Client comes to attorney with an IRS notice indicating IRS's records show mortgage interest paid by client of $10K (reported to IRS by bank on Form 1098) but IRS has no record of client's tax return being filed for that year. IRS wants return or explanation as to why return not filed. Client has prior unrelated non-tax conviction. His income from illegal sources. Catch-22:

    1. If he files a 5th Amendment Return, he alerts the IRS of possible illegal activity who in turn may alert Probation. Although it is entirely possible IRS has no inforamtion regarding his conviction because it is unrelated and non-tax.

    2. If he does not file a return, he commits tax evasion.

    Is there any good background reading on how the IRS treats 5th Amendment returns procedurally? Does it go in a separate pile? Is there a special group that looks at them and sends them to CI? Etc., etc.

    John

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  2. See the blog today title Josephberg #2.

    Josephberg is an extreme case (many bad facts beyond just failing to file the returns), still it does hold that the taxpayer is not relieved from filing a return simply because he or she is under criminal investigation or otherwise fears that the disclosures on a return may incriminate him or her. The Court says that he or she may file a Sullivan return claiming the Fifth as to the items / information that may incriminate.

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  3. I have a client who received income from a tax free grant given to a county gov. The county gov. then paid my client. He never received a 1099 from the state and thought the money way a "tax free grant"" to him. He filed tax returns for 03,04,05 and 06 and did not report this income. In 2008 there was a newspaper article to stating this money was not a tax free grant. He subsequently contacted his cpa who determined the money was taxable and filed amended returns reporting the income. Income was about $200,000 per year.

    IRS has never contacted him but he is now concerned about the posibility IRS CI could now come after him.

    Any thoughts on this after the quiet disclosure?

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  4. Joe,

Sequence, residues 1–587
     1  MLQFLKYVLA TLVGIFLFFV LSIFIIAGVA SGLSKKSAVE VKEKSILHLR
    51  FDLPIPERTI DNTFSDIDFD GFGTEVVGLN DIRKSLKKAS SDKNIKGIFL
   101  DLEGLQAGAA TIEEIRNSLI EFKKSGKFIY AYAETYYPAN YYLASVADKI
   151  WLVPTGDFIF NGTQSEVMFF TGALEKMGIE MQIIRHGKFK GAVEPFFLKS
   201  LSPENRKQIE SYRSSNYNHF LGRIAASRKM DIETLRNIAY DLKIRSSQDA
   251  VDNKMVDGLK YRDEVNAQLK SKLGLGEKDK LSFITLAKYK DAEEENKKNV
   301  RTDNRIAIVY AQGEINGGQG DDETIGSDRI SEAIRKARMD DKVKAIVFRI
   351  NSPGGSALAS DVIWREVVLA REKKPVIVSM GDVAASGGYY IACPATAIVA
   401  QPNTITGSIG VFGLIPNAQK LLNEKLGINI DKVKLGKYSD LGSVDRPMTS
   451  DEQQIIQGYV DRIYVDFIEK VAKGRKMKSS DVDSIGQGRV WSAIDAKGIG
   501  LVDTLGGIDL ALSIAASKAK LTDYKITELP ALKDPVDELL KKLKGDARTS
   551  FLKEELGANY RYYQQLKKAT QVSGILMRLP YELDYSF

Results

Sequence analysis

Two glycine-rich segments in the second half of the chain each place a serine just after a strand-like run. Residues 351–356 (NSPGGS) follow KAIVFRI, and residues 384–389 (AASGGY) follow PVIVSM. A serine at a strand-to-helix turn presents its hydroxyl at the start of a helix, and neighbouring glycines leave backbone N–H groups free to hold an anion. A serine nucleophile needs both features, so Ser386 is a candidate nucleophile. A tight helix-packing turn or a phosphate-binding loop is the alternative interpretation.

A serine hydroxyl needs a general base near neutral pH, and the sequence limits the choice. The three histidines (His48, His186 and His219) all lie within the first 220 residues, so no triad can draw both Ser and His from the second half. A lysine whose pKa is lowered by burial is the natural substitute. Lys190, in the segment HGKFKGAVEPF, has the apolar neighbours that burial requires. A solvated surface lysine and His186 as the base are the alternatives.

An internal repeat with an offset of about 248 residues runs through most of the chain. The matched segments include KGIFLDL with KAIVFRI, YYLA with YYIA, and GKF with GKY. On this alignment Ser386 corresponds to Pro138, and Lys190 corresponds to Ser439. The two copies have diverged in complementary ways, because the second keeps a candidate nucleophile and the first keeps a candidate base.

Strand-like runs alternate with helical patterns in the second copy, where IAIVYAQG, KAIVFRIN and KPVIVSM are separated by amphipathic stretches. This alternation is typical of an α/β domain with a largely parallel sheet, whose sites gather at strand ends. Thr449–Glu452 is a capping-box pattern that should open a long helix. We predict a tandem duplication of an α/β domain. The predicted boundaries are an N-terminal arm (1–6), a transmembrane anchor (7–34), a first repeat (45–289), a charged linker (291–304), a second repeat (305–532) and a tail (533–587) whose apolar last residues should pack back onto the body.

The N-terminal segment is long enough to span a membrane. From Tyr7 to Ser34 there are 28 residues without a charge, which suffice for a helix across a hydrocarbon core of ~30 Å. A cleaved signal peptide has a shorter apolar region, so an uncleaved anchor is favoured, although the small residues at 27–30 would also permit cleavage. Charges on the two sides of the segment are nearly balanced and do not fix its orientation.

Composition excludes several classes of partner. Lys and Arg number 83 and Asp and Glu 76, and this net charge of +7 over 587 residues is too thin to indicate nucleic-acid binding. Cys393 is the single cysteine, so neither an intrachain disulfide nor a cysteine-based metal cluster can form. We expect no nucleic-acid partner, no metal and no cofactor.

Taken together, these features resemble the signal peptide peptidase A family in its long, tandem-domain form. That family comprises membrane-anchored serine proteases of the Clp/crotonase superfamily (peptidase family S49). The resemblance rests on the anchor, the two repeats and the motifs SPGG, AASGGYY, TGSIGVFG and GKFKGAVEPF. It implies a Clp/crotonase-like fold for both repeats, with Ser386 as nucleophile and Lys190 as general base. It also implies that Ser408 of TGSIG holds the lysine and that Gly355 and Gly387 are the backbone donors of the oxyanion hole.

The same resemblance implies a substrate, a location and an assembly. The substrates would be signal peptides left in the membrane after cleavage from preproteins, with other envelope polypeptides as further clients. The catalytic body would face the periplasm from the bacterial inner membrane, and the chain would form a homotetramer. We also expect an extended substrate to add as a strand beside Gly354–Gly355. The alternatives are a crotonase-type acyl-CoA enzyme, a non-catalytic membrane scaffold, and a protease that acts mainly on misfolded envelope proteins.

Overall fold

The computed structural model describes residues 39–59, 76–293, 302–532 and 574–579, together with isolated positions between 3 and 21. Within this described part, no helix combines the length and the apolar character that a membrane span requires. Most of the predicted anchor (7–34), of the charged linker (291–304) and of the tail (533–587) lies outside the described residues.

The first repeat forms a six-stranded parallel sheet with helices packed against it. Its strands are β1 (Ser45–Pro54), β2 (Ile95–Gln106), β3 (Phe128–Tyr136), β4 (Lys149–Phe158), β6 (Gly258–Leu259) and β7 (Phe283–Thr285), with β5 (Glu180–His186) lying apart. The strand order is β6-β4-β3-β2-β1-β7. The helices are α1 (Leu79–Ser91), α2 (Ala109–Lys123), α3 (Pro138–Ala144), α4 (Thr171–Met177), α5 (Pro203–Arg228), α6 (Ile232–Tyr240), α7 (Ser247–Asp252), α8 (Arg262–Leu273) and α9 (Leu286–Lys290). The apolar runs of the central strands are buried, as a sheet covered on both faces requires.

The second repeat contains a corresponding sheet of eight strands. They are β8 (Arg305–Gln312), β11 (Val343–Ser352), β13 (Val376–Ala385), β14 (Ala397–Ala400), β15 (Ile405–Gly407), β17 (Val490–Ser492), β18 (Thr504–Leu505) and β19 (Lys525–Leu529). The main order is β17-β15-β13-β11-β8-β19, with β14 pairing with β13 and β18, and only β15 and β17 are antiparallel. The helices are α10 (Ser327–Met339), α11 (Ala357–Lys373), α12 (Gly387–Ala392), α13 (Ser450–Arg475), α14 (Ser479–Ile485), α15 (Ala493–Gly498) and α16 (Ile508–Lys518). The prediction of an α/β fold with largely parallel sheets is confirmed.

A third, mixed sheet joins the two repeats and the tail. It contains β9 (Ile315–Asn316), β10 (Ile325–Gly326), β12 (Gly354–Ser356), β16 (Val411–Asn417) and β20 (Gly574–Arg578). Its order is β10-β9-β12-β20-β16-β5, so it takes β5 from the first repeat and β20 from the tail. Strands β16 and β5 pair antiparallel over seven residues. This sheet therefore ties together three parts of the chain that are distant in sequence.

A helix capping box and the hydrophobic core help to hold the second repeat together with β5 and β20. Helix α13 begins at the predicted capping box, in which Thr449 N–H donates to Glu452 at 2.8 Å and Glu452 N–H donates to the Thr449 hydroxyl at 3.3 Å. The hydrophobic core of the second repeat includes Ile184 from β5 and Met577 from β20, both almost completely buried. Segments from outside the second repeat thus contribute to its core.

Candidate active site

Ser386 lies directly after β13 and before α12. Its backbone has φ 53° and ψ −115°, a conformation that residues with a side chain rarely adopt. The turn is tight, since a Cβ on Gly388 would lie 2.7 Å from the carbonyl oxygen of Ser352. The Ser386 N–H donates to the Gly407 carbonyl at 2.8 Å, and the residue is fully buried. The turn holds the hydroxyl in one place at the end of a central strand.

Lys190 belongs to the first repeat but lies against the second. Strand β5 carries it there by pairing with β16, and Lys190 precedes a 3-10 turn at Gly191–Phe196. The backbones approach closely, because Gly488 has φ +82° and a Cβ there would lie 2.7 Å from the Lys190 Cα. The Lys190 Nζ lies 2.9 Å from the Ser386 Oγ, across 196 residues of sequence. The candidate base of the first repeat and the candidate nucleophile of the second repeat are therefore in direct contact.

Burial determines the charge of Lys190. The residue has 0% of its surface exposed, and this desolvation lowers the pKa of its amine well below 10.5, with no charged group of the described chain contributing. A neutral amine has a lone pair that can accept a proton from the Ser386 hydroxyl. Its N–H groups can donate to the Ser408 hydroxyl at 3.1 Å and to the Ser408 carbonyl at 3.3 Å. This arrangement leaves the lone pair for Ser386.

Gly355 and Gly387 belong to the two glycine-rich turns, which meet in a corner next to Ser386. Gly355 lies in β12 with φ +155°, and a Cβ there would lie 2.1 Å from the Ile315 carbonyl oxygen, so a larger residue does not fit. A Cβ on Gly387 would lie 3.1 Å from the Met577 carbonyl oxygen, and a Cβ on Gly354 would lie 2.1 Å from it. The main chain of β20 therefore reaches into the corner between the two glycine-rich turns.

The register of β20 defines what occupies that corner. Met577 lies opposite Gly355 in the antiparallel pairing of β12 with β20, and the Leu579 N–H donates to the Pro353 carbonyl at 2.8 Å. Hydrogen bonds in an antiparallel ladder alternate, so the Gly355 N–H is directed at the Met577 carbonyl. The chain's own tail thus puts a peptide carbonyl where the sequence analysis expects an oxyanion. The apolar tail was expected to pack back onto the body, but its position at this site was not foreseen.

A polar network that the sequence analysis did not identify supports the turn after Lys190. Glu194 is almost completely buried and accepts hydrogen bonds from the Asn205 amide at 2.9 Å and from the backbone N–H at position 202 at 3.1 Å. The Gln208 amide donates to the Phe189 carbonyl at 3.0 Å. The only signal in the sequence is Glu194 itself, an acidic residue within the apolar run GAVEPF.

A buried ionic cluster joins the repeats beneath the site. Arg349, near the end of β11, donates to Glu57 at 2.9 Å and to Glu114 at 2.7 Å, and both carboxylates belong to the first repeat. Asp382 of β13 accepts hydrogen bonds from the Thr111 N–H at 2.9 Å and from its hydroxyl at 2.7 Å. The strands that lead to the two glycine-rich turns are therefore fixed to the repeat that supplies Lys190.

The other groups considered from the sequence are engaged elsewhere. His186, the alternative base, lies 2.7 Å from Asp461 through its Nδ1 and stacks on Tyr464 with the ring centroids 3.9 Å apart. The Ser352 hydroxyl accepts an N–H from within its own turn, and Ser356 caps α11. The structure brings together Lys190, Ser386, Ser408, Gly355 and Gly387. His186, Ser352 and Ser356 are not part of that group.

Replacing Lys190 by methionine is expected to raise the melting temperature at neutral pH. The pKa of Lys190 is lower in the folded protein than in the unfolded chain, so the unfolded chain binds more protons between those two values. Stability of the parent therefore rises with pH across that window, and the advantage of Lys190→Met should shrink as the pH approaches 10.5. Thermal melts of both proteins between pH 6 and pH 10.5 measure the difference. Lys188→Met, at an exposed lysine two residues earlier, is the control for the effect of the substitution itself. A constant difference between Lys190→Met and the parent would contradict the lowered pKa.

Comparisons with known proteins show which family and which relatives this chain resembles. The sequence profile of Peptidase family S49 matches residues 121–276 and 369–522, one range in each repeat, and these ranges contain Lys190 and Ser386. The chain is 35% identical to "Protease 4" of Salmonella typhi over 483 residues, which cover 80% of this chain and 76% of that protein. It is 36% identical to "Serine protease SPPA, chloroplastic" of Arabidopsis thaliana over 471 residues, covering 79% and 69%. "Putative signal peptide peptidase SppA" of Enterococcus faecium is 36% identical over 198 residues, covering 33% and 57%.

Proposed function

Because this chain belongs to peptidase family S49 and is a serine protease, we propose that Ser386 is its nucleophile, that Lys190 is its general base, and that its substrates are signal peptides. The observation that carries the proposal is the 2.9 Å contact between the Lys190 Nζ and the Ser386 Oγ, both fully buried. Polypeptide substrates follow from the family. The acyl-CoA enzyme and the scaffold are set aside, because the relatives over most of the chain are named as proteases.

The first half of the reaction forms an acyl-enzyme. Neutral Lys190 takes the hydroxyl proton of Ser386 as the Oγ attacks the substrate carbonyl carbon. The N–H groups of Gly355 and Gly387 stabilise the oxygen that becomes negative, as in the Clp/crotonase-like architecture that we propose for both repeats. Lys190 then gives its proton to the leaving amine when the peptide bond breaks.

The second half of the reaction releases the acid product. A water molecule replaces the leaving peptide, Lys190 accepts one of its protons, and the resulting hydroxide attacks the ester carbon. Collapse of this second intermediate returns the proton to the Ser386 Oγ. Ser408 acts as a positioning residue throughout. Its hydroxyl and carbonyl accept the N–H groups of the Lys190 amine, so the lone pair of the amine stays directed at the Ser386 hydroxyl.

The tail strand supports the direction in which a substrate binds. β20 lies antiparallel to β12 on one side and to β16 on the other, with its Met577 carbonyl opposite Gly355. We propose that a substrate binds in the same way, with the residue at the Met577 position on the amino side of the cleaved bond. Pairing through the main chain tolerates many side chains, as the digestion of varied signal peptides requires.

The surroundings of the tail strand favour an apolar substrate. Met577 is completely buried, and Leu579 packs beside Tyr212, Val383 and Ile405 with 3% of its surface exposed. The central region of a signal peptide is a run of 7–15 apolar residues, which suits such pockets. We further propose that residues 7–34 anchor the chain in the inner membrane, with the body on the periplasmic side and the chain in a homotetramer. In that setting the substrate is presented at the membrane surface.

I think this is the classic case for a quiet voluntary disclosure to avoid criminal prosecution. Moreover, the amended returns will likely avoid civil penalties as qualified amended returns unless the IRS were to determine fraud (which may or may not be present in your case).

    Good luck.

    Jack Townsend

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  5. Joe,

    Also, just to deal with the civil statute of limitations issue. Keep in mind that the criminal risk is resolved by the quiet voluntary disclosure. Now looking at the civil statute of limitations, under this fact pattern accepting it at face (taxpayer truly believed the income was not taxable), the Government will be unable to prove fraud by clear and convincing evidence. Hence, the unlimited statute of limitations will not apply. Because of the amount, the 6-year statute probably applies (Section 6501(e)). That would make the years now open (assuming timely filing by original due date or even extended due date) only 2004 forward. Most tax practitioners would say, therefore, that the most returns you file would be 6 years back (2004 forward), and some would say that you may even file only 5 or 4 years back. There is inherent uncertainty in choosing less than 6 years, but many good practitioners do that based on the judgment call and feel for the particular case.

    Jack

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  6. Jack,
    Could you please share your thoughts on FBAR mitigation guidance on your blog?Thanks.

    ReplyDelete